Five months ago, I became a grandmother for the first time. Perhaps it's just the love and pride I've been gushing these days, that makes me secure that this little boy will have a great life. Given all the extremes around these days, that might seem a bit optimistic.

I don't think it is, because of how the brain operates.

If my little grandson acquires one thing: the emotional skills to encode a strong brain pathway from any level of stress to joy, he will have it knocked. He will make lemons into lemonade. With each challenge he faces, he can take a ride on that emotional pathway with a few rocks and pebbles to daunt him, but sooner or later he'll be at Brain State 1. Even better, each trip through his confusing emotions back to clarity will make his internal core pathway stronger. In other words, stress will be good for him.

Somehow knowing that made me even more committed to strengthening my own resiliency pathway.  Yesterday, it looked like a great day. I went swimming. I worked a bit. We cleaned out boxes of memorability from the basement. But in the afternoon, I caught myself  feeling all mixed up, anxious, with my mind darting from one problem to the next, running at a Brain State 4.

Use the brain's natural pathway to joy, and bingo, all five of our basic needs are met.

Most of what I was obsessing about had to do with love relationships. At Brain State 4, the brain's primary need is often love, as the vagal brake disengages at Brain State 3, so it's hard to find empathy and compassion for ourselves or other. We obsess about feeling loved and loving, but what we really need is to have all 5 of our needs met.

When we spiral up to Brain State 1, that is, use our natural brain pathway from stress to joy, the brain delivers. Before we know it, we do feel safe, loved, comforted, pleasures, and we have a sense of higher purpose. We do things for the right reason.

What I really needed in that moment was to override how modern life tells us to process stress (e.g., texting, video binging, exercising, overworking). I did that. I checked in and identified my brain state, then did the emotional dance of the Cycle Toll (aka "4 Tool") and about 3 minutes later, my brain had me at Brain State 1.

The first thing I noticed about being at Brain State 1 was that not only was my need for love met, but all of the 5 basic needs of life – safety, love, comfort, pleasure, and purpose were met. My situation hadn't changed; however my brain had. Most of our problems are caused by the brain in stress. It manufactures problems faster than we can solve them.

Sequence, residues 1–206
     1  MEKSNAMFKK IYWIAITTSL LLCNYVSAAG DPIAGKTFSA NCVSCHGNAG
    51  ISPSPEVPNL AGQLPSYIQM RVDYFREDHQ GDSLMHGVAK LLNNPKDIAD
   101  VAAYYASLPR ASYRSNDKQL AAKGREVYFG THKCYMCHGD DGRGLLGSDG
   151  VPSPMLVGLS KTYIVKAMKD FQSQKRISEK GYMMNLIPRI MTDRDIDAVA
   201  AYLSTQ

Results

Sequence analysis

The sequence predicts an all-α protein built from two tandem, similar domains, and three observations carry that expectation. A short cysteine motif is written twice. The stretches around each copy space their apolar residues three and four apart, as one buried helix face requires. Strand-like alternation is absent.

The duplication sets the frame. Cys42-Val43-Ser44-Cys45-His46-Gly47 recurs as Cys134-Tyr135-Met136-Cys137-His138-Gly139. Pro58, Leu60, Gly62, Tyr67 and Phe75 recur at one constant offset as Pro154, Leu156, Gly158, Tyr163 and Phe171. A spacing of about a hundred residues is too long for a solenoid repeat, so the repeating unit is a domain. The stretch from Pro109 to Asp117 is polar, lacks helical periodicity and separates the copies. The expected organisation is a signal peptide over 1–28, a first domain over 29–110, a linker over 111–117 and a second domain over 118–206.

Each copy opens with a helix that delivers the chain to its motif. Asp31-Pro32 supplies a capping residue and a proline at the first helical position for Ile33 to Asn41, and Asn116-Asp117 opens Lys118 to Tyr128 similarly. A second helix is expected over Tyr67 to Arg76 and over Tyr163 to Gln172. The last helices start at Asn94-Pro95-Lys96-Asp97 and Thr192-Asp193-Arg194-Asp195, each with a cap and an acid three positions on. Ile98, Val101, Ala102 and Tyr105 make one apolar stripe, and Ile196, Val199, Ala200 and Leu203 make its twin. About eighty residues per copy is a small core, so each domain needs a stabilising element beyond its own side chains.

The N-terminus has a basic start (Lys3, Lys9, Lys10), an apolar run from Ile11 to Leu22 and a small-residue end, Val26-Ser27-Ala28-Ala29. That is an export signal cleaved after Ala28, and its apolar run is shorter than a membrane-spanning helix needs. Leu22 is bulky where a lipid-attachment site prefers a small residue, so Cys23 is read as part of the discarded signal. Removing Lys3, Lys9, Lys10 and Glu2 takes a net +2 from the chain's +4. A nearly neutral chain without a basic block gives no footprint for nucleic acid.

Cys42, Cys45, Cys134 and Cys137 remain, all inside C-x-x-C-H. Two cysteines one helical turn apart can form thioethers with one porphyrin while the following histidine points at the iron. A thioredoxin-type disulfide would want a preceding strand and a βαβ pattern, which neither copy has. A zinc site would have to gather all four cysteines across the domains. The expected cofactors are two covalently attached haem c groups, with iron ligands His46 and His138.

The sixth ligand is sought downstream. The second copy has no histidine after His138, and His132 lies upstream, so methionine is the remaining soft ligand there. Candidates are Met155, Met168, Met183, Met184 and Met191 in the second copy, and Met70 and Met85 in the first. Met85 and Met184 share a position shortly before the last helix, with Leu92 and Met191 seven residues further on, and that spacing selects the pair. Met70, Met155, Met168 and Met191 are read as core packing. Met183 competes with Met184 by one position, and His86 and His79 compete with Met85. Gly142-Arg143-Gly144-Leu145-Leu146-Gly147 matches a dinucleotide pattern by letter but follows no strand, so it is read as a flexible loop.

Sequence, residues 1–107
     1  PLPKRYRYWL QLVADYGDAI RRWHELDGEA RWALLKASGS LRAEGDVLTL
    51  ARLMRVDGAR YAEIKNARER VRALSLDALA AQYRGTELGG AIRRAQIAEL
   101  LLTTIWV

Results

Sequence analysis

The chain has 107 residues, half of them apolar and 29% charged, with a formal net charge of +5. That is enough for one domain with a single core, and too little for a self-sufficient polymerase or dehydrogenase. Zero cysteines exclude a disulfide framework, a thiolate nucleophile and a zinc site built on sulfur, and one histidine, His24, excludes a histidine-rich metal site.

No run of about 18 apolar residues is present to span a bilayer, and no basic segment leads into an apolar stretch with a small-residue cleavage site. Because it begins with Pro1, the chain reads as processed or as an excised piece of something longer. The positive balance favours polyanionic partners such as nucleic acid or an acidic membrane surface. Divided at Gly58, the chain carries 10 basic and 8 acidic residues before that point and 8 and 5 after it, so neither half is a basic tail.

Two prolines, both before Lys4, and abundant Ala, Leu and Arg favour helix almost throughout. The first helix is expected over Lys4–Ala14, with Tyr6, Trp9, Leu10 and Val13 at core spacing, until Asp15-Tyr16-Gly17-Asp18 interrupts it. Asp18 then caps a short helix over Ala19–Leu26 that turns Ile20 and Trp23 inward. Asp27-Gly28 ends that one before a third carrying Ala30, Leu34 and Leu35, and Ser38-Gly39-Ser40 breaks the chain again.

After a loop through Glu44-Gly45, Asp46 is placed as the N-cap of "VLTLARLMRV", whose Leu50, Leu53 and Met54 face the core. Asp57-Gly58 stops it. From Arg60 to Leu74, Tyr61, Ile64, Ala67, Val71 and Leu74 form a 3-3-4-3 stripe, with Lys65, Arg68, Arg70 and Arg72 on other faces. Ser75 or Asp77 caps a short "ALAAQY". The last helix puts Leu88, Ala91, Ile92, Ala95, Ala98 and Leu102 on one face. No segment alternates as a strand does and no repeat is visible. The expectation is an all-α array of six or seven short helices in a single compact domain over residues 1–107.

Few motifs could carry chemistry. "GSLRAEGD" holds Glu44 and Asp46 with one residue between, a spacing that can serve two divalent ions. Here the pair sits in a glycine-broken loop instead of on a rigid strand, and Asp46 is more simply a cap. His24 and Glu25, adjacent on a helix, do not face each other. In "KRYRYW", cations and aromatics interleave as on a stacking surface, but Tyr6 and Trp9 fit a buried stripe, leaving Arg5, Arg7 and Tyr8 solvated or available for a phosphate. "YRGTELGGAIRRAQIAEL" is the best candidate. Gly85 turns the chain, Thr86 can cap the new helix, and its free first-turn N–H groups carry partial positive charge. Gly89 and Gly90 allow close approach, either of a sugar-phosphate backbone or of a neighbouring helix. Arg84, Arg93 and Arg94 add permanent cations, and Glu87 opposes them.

Even that momentary flash of Brain State 1 made all seemed right with the world. My situation had not changed. I'm in a rapid change time of my life, and the reptilian brain always spews cortisol with change. However, for that moment (and the moment lingered), my needs were met. It wasn't hard. I had just used my power to travel on my brain's natural emotional pathway from stress to joy.

The rewards started flowing.  Instead of worrying myself into a having a stomachache or missing out on taking a brisk walk with Tammy and Walt, I had taken charge of the quality of the afternoon. Plus, doing that had made a small but important change in my pathway. Like grooves in a dirt road, using it had deepened it.

In this complicated world, that's one thing I can do to give my grandson a good life. As kids download the circuits of those around them, I had done my part. If you have children in your life, consider making their world a safer place by trying out the tools and perhaps teaching them the tools, too. (EBT Director of Research Arinn Testa, PsyD just gave a workshop on that just last week that's available to members). Even if you would not become part of the BBH movement for yourself, do it for the children.

That said, I think I'll do use the Cycle Tool a bit more frequently now. My grandson needs me to do that, and he is worth it!